SOOOOooo, to make a long story short, congrats on getting out and into a house where you can do your own thing
I like both for the obvious reasons country and city dwellers cite.
I could never choose one lifestyle for life.
I was almost the only person of color growing up in a small rural town of 4,000 (now 1,200).
I never felt like I fit but to this day my musical tastes reflect this culture. I am in a small coastal California city akin to a Malibu, only a hundred times smaller. We rent a police and fire department and we don’t have a Starbuck’s, McDonald’s, or CVS and the richest man in town got sued out of existence by no growthers and the man was only trying to give our town a much needed CVS Express pharmacy with fewer than ten employees.
But getting into rock guitar at an early age, I longed to go to an LA, NY, or London. I wanted everything bustling and fast to enter my veins and come out into my fingers. My musical heroes from Kiss to the Sex Pistols to the Doors all exhibited the “city” and it was where all the records were made. When you’re in a small town you get idiots bragging about learning a barre chord F. Excellence is not encouraged.
If I want to see any given top 40 act I can see them in a club in a major city. If I want to see sports, in the rural area I am in I can watch the local fishermen play softball but in the big city I can watch Curry and Thompson shoot 3s from every corner and Green stuff centers like they’re rookies. If I feel like opera the best I could do in my small town is see Domingo on public TV, but in the big city, he runs the opera house. In a rural town I could sit in a cafe and browse Guitar Center but in the but city I can see said gear in person.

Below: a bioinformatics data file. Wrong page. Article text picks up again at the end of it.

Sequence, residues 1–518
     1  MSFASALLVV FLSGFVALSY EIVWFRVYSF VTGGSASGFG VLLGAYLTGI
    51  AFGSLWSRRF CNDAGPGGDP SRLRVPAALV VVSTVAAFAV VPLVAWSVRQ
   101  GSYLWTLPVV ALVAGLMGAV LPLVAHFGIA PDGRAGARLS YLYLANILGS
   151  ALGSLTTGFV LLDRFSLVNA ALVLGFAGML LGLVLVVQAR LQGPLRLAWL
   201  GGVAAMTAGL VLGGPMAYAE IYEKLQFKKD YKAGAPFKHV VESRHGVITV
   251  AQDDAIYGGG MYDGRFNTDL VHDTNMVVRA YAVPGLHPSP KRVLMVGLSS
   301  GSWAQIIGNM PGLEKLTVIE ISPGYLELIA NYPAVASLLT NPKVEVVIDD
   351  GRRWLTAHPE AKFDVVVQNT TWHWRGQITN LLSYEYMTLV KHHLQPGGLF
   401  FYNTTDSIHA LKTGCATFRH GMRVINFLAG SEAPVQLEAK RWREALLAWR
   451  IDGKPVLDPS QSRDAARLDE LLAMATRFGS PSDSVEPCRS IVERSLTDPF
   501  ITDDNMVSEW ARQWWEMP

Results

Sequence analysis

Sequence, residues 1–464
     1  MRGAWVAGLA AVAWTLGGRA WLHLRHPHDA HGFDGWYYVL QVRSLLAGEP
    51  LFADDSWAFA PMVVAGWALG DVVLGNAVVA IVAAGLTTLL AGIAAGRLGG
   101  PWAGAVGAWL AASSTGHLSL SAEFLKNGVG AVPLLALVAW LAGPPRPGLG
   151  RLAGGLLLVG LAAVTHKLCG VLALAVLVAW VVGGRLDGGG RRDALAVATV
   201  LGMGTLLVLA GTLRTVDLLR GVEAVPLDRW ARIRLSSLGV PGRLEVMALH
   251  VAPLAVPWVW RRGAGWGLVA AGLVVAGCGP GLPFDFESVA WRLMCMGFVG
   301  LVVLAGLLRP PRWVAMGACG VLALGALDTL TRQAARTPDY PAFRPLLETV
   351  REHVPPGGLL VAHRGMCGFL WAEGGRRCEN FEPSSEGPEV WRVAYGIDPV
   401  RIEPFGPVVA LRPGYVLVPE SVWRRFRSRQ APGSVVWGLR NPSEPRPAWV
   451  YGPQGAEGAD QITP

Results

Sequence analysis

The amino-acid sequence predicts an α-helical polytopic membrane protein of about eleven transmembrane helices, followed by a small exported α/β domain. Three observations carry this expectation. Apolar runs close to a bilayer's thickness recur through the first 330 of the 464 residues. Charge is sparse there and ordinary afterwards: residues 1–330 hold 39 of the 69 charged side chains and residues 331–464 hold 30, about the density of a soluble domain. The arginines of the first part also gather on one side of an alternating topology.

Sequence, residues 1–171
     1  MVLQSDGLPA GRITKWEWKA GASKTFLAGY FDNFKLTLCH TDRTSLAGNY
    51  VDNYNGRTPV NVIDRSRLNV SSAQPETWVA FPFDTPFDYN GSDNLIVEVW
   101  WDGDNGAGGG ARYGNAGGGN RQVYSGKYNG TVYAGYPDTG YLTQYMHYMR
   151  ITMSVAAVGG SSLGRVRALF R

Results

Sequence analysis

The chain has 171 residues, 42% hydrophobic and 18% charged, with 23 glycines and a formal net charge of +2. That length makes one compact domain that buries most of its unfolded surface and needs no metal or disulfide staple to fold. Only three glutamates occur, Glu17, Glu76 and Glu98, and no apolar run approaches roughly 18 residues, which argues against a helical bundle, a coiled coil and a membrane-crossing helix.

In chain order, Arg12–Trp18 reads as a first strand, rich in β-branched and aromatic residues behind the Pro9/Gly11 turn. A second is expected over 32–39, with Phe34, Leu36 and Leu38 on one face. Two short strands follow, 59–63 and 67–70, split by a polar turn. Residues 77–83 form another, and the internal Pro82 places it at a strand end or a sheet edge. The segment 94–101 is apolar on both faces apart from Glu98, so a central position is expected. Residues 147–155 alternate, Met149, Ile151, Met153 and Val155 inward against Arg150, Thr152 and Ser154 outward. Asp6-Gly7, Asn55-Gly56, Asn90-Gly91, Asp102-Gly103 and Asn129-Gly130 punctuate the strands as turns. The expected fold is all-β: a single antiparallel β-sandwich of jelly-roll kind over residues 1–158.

All cities are garbage places to live imo and you'd have to be nuts to live in a town with more than 10k people. Congratulations. Now you just have to figure out how to keep all the other city dwellers out so they dont ruin everything like they are doing to South Carolina.
So well said!
I truly believe it’s so often age related.
I've lived almost my entire life in NYC. I often wonder why I'm still here. But for now, I'm rooted here ... with property and family. I'm on the Queens/Nassau border, so it's one of the few less congested areas in NYC.
While it sounds silly, one of my pet peeves is the inability to travel on a whim. Traffic dictates my movements. Tolls are also a big part of inhibiting travel.
One of the biggest attractions of living in NYC was the plethora of ethnic foods available to us. But NYC no longer holds the monopoly on ethnic cuisine. I've been able to get great ethnic and diverse foods in almost every place I've visited in the USA.
So I have about 12-13 years until retirement. I guess it depends on where the kids settle down ... will dictate where my wife and I retire to. But we intend on doing lots of traveling.